For the low church conservative, politics is teleocratic—a purpose-driven activity. In the language of British philosopher Michael Oakeshott (very much a high church type), the low church conservative views the state—and perhaps his church, too—as an “enterprise association.” The high church conservative, on the other hand, considers the state to be a “civil association,” whose enjoyment is its own reward. He believes politics should be nomocratic—a matter of upholding a constitutional framework within which diverse ends can be pursued. As Oakeshott says, “the intimations of government are to be found in ritual, not in religion or philosophy; in the enjoyment of orderly and peaceable behaviour, not in the search for truth or perfection.”

Critics of the high church disposition in religion contend that it reduces faith to pure ritual—“bells and smells.” A critic of high church conservatism might see in Oakeshott a correspondingly substance-free politics. Irving Kristol, for example, thought Oakeshott’s philosophy “irredeemably secular” and “impossible for any religious person.”

Yet Oakeshott is exceptional. For Burke and other high church conservatives such as Samuel Taylor Coleridge or Russell Kirk, politics does have limited substantial ends. But those ends are more open than liberal or libertarian critics of conservatism deign to acknowledge. There is a strong inclination among high church conservatives against interfering in the social order except to preserve its constitutional architectonics.

High church conservatism is the opposite of low church. It privileges works over faith, being more concerned with prudent policy than with the inner moral character of politicians or what they profess. It is deferential (sometimes to a fault) to hierarchy and suspicious (also sometimes to a fault) of popular movements and enthusiasm. It is leery of eschatological passions. And above all it works to avoid schism—the high church conservative’s objective is to preserve the fabric of society and, so far as possible, elevate its culture. This, he believes, can only be done within the mainstream of national life. For Coleridge and the 19th- century poet and literary critic Matthew Arnold, the function of an established church is less religious than cultural. As Coleridge writes, “Christianity, and a fortiori any particular scheme of Theology derived and supposed (by its partizans) to be deduced from Christianity, [is] no essential part of the Being of the National Church, however conducive or even indispensable it may be to its well-being…” Its being, or essence, is in the preservation of culture.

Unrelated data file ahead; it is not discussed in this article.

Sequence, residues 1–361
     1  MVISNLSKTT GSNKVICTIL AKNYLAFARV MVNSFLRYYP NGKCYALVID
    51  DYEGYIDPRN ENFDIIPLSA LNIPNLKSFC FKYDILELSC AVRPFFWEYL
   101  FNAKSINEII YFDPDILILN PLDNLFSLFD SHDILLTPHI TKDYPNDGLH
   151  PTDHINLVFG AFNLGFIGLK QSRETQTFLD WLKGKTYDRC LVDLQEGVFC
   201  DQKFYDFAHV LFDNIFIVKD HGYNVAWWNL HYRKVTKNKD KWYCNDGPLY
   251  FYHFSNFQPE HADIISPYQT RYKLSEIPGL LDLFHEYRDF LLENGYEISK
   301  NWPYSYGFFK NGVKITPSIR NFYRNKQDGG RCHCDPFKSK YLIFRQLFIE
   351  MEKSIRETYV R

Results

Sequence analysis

For his part, Matthew Arnold in Culture and Anarchy proposed a dramatic solution for low church Protestantism’s culturally schismatic tendencies—establish the Presbyterian and Congregational churches alongside the Church of England. That would inject “popular church discipline” into the establishment, while immersing the Protestants in the mainstream of the nation’s culture. “Being in contact with the main stream of human life,” he writes, “is of more moment for a man’s total spiritual growth … than any speculative opinion which he may hold or think he holds.”